Byzantine glass smalti covered columns, 8′ x 73′ Byzantine glass smalti mosaic mural, and floor design with terrazzo and bronze inserts


“The mural is the singularly most distinctive art element as well as most noticed in the entire art program for Bush Intercontinental Airport”.

- Richard Vacar, Director, Houston Airport System, 2005.

Experience the piece in George Bush Intercontinental Airport, on the ground level in the connector walkway from the A/B garage into Terminal B.


I approached this project with the concept of creating a complete environment that celebrates Houston’s unique bayou systems and natural beauty. Design elements are 8′ x 73′ Byzantine glass mosaic mural installed on a serpentine wall, Byzantine glass wrapping 5 large adjacent columns and a terrazzo floor design that enhances the mural and echoes the bayou theme.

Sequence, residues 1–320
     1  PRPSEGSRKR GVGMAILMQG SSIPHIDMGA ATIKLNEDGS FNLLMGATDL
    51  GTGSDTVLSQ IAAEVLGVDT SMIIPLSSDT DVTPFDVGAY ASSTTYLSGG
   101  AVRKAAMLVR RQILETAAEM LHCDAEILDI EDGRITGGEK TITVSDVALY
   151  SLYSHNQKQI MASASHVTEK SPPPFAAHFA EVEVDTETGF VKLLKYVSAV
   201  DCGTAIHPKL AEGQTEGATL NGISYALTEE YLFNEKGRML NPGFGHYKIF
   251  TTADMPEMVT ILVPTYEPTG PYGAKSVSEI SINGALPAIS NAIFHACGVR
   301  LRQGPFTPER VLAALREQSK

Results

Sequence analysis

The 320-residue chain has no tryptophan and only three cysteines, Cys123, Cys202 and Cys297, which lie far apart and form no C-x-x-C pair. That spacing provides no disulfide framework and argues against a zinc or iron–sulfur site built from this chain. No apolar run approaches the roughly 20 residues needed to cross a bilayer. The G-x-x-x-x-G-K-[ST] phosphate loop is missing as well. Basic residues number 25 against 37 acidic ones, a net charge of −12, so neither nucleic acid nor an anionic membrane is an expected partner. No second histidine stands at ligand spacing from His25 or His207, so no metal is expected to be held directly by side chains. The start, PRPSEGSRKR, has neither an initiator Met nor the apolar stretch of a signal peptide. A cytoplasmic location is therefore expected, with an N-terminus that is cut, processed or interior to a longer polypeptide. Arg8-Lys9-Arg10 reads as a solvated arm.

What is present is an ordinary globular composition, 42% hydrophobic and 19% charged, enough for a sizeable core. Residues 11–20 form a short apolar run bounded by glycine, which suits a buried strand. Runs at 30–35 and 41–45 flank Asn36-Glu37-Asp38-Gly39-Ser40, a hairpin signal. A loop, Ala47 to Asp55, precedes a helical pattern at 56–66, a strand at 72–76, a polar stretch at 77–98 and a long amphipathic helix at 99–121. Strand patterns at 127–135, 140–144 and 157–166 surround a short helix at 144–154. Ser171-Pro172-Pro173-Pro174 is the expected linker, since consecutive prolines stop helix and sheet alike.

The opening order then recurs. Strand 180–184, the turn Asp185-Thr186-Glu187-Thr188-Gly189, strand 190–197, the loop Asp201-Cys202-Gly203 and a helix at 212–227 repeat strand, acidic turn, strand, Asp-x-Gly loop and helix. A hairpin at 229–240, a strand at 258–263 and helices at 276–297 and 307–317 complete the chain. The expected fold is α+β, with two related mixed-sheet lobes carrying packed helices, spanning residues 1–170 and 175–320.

I worked with the architectural firm to integrate art in the space. After the initial design phase was complete, I created a painting that was 1/5th scale. The painting for the mosaic was designed so that the mosaic mural fits the wavy of the wall, coming forward in perspective as the wall moves forward, and receding with distant images as the wall flows back. As the hall opens into the rotunda, the mural is continued onto the 5 large adjacent columns. The columns are 12 feet high with a circumference of 18 feet. The image of clouds and an open misty bay wraps each one. Native flora and fauna are featured thought out the mural such as oversized hummingbirds, blue heron, damselfly, swamp iris, and palmettos.


1½ million pieces of glass were used in the mural, and fabrication alone was a yearlong process working with 4 full time artisans.

My terrazzo floor design enhances the mural by using hand broadcast patterns that evoke the banks of the bayous. There are 40 cast bronze reliefs of native creatures; lizards, turtles, frogs, fish, inserted throughout the floor.


Read more about this work in ARTLIES.


Commissioned by the Houston Airport System, City of Houston

Fabricated and installed in conjuncture with Perdoma Byzantine Studio in Cuernavaca, Mexico

Architect: Rey de la Reza Architects